Yes, these attitudes are perfectly natural. Unfortunately, Entitled Driver Syndrome (unlike its sister strains Oblivious Pedestrian Syndrome and Crazy Biker Syndrome) germinates and spreads more quickly through carrier journalists. These folks feel some of the same impulses while driving, then egg on their fellow motorists with columns that point the finger at others for the frustrations everyone feels.
This week, epidemiologists discovered a particularly virulent case of EDJS in WTOP’s Adam Tuss, who penned a series of columns which hit he double whammy of capitalizing on motorist frustration and financial insecurity at the same time. Each starts out by saying, “Money is something everyone is trying to hold onto right now, so why does it seem like local governments are trying to pick your pocket? This week WTOP takes a look at some of the tricky ways drivers are falling victim to revenue generators around the region.”
These poor victimized drivers have to contend with such “tricky” things as being ticketed for parking illegally or paying something slightly closer to a market rate for parking. The parking meter column, for example, exposes the absolute outrage that, as DC raises parking meter fares, some of the blocks still have the old rate, and sometimes the rates on a block change from the old rate to the new in a single day when DDOT gets the chance to update them. What a travesty. Government can’t move fast enough, so they’re moving too fast.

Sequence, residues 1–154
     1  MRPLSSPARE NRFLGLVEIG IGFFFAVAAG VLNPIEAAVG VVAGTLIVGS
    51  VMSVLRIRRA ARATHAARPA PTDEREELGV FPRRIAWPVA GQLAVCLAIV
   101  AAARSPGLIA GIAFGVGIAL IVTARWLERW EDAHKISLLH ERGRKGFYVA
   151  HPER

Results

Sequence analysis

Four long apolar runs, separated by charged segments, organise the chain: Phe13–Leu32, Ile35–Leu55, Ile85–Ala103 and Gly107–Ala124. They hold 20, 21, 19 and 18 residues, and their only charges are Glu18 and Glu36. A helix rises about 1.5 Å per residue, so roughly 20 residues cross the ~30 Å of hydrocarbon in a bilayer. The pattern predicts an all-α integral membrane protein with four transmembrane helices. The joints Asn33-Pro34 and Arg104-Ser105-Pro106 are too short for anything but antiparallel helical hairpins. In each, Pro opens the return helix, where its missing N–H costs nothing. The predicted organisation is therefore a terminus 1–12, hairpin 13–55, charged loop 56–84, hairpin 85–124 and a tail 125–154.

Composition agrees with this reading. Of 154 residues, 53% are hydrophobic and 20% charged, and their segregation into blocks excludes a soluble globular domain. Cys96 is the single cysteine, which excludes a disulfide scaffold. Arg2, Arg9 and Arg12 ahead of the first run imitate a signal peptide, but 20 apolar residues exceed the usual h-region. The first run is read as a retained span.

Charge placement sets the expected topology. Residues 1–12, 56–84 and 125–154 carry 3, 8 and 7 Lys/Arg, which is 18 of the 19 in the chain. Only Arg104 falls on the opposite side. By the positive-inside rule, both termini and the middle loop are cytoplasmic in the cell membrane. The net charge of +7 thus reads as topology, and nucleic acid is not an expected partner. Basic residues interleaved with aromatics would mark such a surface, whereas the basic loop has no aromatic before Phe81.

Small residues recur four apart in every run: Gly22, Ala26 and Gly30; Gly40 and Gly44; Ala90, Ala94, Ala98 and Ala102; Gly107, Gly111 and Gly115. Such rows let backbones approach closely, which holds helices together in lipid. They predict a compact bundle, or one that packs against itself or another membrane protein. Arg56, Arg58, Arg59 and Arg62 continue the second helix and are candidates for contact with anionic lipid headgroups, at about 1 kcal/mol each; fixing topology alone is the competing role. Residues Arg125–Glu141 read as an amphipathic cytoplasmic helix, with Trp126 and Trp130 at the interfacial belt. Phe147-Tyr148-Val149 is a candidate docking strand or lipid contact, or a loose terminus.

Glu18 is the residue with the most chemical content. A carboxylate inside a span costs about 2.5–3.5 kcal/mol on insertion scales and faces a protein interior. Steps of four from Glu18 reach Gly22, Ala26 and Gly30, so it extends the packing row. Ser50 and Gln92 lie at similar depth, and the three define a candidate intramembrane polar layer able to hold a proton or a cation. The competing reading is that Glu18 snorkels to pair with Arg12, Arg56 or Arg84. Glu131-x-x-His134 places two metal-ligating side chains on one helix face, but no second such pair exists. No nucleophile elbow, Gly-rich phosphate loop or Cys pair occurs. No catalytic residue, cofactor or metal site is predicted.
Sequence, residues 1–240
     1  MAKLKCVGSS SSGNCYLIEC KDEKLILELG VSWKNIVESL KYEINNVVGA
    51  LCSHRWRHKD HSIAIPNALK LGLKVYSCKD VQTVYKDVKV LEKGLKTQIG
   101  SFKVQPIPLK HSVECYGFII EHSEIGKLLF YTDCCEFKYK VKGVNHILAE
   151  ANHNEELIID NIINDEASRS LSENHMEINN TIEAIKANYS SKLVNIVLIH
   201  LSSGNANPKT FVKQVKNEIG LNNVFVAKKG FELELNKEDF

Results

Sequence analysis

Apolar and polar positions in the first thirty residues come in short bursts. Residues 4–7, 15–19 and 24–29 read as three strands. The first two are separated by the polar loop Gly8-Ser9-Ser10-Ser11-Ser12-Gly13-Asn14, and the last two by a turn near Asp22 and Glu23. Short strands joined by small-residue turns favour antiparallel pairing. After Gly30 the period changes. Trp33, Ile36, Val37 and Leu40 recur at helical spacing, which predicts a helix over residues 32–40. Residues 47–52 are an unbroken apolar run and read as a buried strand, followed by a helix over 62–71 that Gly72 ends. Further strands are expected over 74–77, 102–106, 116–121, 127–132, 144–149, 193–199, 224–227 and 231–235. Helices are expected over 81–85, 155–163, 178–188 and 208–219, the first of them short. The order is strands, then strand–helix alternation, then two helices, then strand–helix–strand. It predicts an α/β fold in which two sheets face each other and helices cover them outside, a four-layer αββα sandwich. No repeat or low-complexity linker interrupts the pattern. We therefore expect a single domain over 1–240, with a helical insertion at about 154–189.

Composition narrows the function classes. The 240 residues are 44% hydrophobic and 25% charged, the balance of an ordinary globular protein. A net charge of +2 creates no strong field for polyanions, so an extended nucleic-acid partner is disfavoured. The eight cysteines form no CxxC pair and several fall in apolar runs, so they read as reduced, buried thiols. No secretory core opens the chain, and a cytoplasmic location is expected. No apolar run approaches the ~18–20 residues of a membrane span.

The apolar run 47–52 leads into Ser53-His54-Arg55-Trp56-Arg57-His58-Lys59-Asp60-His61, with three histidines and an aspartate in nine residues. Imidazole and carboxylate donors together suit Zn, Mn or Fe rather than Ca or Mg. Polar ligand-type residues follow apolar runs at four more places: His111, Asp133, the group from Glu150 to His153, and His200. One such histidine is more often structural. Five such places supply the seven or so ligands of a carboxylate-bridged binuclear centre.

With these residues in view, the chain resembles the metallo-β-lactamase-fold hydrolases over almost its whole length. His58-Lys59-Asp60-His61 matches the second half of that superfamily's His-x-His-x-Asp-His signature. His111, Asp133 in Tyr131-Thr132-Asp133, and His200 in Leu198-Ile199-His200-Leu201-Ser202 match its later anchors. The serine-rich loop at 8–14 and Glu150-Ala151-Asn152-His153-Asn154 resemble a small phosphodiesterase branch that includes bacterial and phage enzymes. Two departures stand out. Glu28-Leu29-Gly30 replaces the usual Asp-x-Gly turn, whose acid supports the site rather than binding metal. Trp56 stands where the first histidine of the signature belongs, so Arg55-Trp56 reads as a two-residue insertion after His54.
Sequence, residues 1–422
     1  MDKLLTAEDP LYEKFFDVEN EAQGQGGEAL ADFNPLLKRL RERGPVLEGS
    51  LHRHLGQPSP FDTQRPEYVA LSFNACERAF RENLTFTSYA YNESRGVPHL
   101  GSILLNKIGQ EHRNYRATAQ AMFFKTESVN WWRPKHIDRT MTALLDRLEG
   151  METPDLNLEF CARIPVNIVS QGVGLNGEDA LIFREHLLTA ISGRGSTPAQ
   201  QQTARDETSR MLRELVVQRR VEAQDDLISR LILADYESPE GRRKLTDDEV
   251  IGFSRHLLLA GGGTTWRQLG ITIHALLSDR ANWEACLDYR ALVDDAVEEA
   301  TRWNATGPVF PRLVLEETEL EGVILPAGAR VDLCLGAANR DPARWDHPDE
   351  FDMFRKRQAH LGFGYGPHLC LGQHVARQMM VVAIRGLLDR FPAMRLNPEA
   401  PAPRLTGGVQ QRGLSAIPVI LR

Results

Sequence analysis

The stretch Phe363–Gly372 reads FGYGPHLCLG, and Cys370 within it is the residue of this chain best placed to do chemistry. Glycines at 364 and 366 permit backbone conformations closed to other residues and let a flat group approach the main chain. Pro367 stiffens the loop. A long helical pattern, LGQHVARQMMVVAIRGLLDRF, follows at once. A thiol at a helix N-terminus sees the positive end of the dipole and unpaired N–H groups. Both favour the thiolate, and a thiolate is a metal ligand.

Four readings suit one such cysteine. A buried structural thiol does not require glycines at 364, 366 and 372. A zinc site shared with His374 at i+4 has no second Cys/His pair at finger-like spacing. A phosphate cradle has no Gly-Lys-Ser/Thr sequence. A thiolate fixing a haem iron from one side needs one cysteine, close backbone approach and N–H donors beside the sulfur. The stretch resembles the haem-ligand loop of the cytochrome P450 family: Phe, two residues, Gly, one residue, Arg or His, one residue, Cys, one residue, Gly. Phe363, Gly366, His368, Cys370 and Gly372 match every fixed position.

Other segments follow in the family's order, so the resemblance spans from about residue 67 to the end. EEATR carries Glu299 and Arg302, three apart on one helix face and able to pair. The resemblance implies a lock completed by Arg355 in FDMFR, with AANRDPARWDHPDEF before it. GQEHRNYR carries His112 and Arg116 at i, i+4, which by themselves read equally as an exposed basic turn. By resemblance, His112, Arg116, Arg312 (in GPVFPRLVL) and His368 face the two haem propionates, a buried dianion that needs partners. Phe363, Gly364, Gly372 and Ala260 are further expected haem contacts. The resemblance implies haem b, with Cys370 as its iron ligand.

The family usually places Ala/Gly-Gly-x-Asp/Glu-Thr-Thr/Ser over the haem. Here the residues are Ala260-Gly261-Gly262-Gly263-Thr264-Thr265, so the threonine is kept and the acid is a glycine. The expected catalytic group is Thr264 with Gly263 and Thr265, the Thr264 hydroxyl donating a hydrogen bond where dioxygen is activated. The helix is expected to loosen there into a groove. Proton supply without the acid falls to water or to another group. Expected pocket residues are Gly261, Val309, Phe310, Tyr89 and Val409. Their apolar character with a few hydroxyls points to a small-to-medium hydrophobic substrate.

So far, none of Tuss’s columns have cited “swiping your SmarTrip on the Metro” as one of the ways government “picks your pocket.” One of the symptoms of EDJS is “transit blindness”: the afflicted individual seems to see anything that hinders the unrestricted, cost-free movement of automobiles (tolls, gas taxes, parking fees, buildings that are in the way of more lanes, sidewalks, rivers, etc.) as an unwarranted government intrusion, but that costs such as transit fares are just “paying your share.” There’s still tomorrow’s column, however, so we must reserve judgment at least until then.